Saint Monica – Commentary on Sirach (Ecclesiasticus) 26:1-4,13-16; Ps 130; Luke 7:11-17
The Gospel reading is really symbolical. It tells the story of a widow in the city of Nain, which was probably a few kilometres south of Nazareth in Galilee. She had lost her only son and hence the only means of her support. Widows and orphans – women who have lost their husbands and children without parents – were regarded as the most unfortunate in the society of Jesus’ day. Without any form of social welfare they had no means of support and were looked on with a certain pity and contempt. They were seen as no good to anyone either as future wives or as husbands. And widows could be quite young. There were many ways in which a relatively young husband could meet his death.
The woman’s plight then was desperate. She had lost her husband and now had lost her son as well. As she brought her son for burial she was accompanied by a large group of people. They were sympathetic but there was not much they could do to help.
However, when Jesus saw her he was filled with compassion and told her not to weep. He stepped forward, touched the bier on which the man lay and the carriers stopped. “Young man,” said Jesus, “I tell you, arise!” Immediately the man rose up and began speaking with his mother.
Realising they were in the presence of someone with very special powers, the crowd was filled with fear. “A great prophet has arisen in our midst,” they cried and “God has visited his people.”
Doubtless they were remembering the occasion when the prophet Elijah brought back to life the only son of widow in Zarephath (1 Kings 7:8-24). In this case, however, the resuscitation was brought about simply by a word. Not surprisingly, the event was being talked about even in the southern province of Judea and the surrounding region.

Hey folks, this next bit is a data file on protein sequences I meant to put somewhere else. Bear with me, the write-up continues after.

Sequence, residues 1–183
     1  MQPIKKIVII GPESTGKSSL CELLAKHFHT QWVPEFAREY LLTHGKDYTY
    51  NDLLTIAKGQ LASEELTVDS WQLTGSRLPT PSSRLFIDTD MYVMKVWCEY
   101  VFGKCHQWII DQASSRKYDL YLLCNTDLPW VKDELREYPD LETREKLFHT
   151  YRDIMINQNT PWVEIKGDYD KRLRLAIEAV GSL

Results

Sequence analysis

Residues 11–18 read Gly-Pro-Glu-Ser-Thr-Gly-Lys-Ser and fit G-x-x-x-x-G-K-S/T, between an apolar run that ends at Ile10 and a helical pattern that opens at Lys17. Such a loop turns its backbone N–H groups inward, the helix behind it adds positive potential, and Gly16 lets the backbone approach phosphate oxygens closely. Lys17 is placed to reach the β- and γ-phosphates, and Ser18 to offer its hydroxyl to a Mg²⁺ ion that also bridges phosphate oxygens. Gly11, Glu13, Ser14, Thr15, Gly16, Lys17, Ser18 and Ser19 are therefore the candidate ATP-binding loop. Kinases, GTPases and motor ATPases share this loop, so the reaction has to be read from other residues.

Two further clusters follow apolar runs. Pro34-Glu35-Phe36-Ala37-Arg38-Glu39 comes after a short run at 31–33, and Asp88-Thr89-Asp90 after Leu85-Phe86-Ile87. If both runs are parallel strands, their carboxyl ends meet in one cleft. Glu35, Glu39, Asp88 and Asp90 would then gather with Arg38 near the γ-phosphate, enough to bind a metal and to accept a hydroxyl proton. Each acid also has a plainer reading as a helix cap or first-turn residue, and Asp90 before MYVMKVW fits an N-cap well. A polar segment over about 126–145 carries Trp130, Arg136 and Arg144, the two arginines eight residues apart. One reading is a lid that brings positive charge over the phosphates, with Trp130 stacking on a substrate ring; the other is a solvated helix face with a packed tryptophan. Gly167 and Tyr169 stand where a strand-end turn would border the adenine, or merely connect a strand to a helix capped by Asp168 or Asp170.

The story reflects the plight of Monica, who had lost her son to paganism and immorality. As a devout Christian herself, he might as well have died. But then, due to her incessant prayer, he came back to the faith of his mother. In time, he would become one of the greatest writers and saints in the history of the Church.
Many devout parents today have to suffer in seeing their children abandon the faith of the family. Like Monica, they need to keep praying that their children will find their way back to a life of faith and love.
The First Reading, from the Book of Sirach (also called Ecclesiasticus), is a description of the good wife and mother and reflects the relationship which Monica had with a dominant husband. Such a wife brings joy to her husband and is a blessing from God. “Be he rich or poor, his heart is content, and a smile is ever on his face.”
Such a wife is gracious, thoughtful, her restrained speech is a gift from the Lord as is her modesty and sexual fidelity. “Like the sun rising in the Lord’s heaven, the beauty of a virtuous wife is the radiance of her home.” In a world where women had a very secondary role, such words are praise indeed. Monica is indeed a worthy patron of wives and mothers.